Not exactly a recent release (first published in 1978!), but certainly an entry in the slightly obscure category: If you every stumble across “Rite of Passage” by Alexi Panshin, it’s worth picking up and reading. I first read it when I was a teenager and still have my original copy that I reread every couple of years. Some interesting thoughts about what a “career” might mean in the future.

    It’s still available for purchase and Google shows up a lot of hits. Libraries in various places I’ve lived have mostly seemed to have copies, too. It might have been marketed as Science Fiction originally, although it’s a YA/SF cross, I guess.

  7. Elmo on #

    If you want a blackly comic read, I suggest “the messenger”, “fighting Ruben wolfe”, “Underdog” and “the book thief” by markus zusack.
    *warning* “the book thief” is a sad book, but don’t let the sadness distract you from the actuall meaning of the story!
    Also, “the white mare” and “the dawn stag” are two books in a soon-to-be trilogy that I’ve read and they are scream-and-squeal-and-cry at/for the characters book. very, very good.

  8. Elmo on #

    The last two books are by Jules Watson…oops…

  9. Harriet on #

    I agree Bindy MacKenzie was great, though I’m actually much more of an evangelist for Jaclyn Moriarty’s first book – Feeling Sorry for Celia. If you haven’t read it, you should. Now. It’s laugh-aloud funny (except for one really, really sad bit in the middle that I always skip).

    And what about Melina Marchetta’s On the Jellicoe Road? I don’t know how well it’s selling, but I thought it was wonderful (hoping it isn’t the unnamed book you really hated!) Possibly better than Saving Francesca, and way, way better than Alibrandi. And unlike the other two, it has a male romantic lead who I actually like. Parts of the beginnig are a bit unconvincing, but before long, I didn’t actually care.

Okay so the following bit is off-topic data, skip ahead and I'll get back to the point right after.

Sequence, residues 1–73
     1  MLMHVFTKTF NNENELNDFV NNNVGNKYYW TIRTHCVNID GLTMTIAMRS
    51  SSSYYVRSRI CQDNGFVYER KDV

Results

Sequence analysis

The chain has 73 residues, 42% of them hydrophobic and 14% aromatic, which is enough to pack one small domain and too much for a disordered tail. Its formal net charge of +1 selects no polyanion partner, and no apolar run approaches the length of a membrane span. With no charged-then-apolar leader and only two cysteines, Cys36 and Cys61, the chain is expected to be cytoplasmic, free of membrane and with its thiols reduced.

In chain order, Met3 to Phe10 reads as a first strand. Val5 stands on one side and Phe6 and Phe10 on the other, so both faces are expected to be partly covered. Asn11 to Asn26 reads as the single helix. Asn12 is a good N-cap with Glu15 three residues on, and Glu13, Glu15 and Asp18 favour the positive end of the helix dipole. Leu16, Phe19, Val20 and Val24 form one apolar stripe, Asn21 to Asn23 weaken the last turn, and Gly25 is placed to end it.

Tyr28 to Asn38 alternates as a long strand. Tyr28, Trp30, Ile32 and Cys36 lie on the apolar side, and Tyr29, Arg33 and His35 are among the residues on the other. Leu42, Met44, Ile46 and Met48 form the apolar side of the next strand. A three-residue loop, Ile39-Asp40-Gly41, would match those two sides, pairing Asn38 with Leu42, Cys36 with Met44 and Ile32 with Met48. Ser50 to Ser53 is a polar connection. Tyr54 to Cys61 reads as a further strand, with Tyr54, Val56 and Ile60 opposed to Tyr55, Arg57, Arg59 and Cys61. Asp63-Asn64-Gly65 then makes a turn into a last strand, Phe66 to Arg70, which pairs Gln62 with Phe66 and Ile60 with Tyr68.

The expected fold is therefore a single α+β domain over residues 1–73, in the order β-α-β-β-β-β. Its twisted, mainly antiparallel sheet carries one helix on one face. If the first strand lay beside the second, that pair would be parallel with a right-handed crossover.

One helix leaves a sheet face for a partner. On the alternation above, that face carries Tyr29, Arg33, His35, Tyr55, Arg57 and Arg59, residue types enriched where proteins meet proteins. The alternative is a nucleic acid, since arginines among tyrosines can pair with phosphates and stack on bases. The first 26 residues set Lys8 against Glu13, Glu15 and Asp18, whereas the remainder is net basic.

It’s hardly new, but a YA author I’ve just discovered is Sonya Sones. I read Stop pretending: what happened when my big sister went crazy. Wow. Now I have to read everything else she wrote. Why didn’t someone tell me about her years ago?

  10. calliope on #

    scott westerfield’s uglies trilogy, the truth about forever by sarah dessen (i was literally screaming at the protag), nick and norah’s infinite playlist by david levithan & rachel cohen, the key to the golden firebird by maureen johnson, peaches (i forget who its by), & lots of other stuff.

    i just discovered ya fiction a couple months ago, and everything i’ve read is sooooo amazing. thank you all ya writers ever!

    oh yeah, all of the john green’s books (looking for alaska & an abundance of katherines), and the boy book by e. lockheart. omg, and speak (pretty famous, forget who it’s by).

    oh yes, and hard love (again, loved it but don’t remember who it’s by). god, i’m on a roll.

    thank you, everyone who has suggested any books to me.

  11. calliope on #

    oh crap, i just read it again, only hard love is the only obscure book. im soooooooo sorry!!!!!!!!!!!!!!!!!!!!